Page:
On food writing

I’m reading through The Best American Food Writing 2019, edited by Samin Nosrat, whom you know I adore. So far, it’s not quite what I expected. Five pieces in, we have:

– a little funny piece about how we describe food, v. cute: “Imagine the agony of a ghost who is too nice to haunt anyone properly, and yet he tries and tries and tries for all of eternity. If you captured his flop sweat in a jar and put it under a heat lamp, it would turn — unfortunately — into the fermented dairy drink kefir.”

– a long, excellent, reported piece about the biggest irrigated farmers in the world (the couple who own POM Wonderful and many many nut groves) and who owns / controls water in California; really nuanced portrayal of their lives and the complexity of their attempts at philanthropy / sense of noblesse oblige with their mostly undocumented Hispanic workers

– a poetic, emotional piece about the eggs the author is no longer able to eat, connecting obliquely to her Nigerian culture

– another reported piece about the subtlety of heirloom Mexican beans, how one should cook them (very simply), and why it’s a struggle making them profitable, even though they’re now coveted by high end chefs and bean conoisseurs

– an examination of Finland’s exceedingly salty licorice, with some cultural analysis thrown in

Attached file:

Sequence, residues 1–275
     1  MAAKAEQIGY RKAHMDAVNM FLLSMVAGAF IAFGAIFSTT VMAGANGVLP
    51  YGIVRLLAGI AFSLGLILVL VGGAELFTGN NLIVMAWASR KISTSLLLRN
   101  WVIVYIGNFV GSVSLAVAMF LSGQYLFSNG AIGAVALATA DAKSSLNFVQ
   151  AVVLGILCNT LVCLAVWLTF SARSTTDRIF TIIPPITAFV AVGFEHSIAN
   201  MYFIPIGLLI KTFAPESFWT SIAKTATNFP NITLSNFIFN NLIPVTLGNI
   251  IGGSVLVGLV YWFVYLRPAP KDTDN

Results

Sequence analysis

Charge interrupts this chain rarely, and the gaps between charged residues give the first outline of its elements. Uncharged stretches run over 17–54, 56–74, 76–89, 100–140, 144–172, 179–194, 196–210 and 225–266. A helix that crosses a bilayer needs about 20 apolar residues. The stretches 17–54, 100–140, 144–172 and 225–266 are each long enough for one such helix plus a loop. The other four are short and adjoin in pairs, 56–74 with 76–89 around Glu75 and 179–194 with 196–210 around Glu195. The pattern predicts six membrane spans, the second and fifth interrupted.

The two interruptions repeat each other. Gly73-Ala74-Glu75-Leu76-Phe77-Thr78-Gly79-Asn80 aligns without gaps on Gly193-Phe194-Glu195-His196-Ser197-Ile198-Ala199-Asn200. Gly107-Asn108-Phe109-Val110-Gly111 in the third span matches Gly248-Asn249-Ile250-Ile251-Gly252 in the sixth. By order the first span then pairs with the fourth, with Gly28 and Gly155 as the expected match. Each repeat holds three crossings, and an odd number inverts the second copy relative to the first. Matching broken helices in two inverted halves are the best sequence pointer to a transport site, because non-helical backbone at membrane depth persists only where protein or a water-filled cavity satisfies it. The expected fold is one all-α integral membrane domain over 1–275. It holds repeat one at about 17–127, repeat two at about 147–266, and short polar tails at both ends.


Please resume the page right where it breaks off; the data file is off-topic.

They’re….hmm….more analytical than I was expecting, I think? More restrained? And I’m not sure if that’s reflecting Nosrat’s editing style and selections based on her taste, or if I’m just not familiar with what’s typically in this series; I might have to jump back a few volumes to compare.

But it’s a very far cry from the kinds of writing you see in most food blogs, to be certain (which often have a sort of breathless enthusiasm and fondness for adjectives), and even from anthologies like Eat Joy, which I finished a month or so ago. Maybe it’s a New Yorker thing? (Several of these pieces were originally published there.) There’s definitely a sense that Nosrat and these writers mostly move in a different world than I do, a world utterly immersed in professional food.

Roshani and I have been talking a lot lately about food writing, and the thing is, even though I’ve written a cookbook, and have a host of food-related essays in the works, I’m not sure I’m actually a food writer.

I’m…something else, I think, that intersects at times with food. A memoirist, perhaps? A cultural…not critic, exactly. Not translator. Something I’m having trouble finding a word for. Synthesist?

But I don’t think you’re going to see me writing a long reported piece anytime soon, or going deep into a specific ingredient, like onions, no matter how much I love them. That kind of food obsessiveness isn’t where my passion lies, though I can appreciate it in others. It’s a nice place to visit.

At SALA, my friend Nalini told me that she thought my writing was about…hmmm…I don’t know that I remember what she said, exactly. Lowering artificial barriers? Something like that. It rung true, whether I’m talking about being bi & poly, or about cooking unfamiliar food (or just cooking being an unfamiliar practice to you), or about letting your garden go a little wild…

Well. I’ll keep reading. We’ll see.

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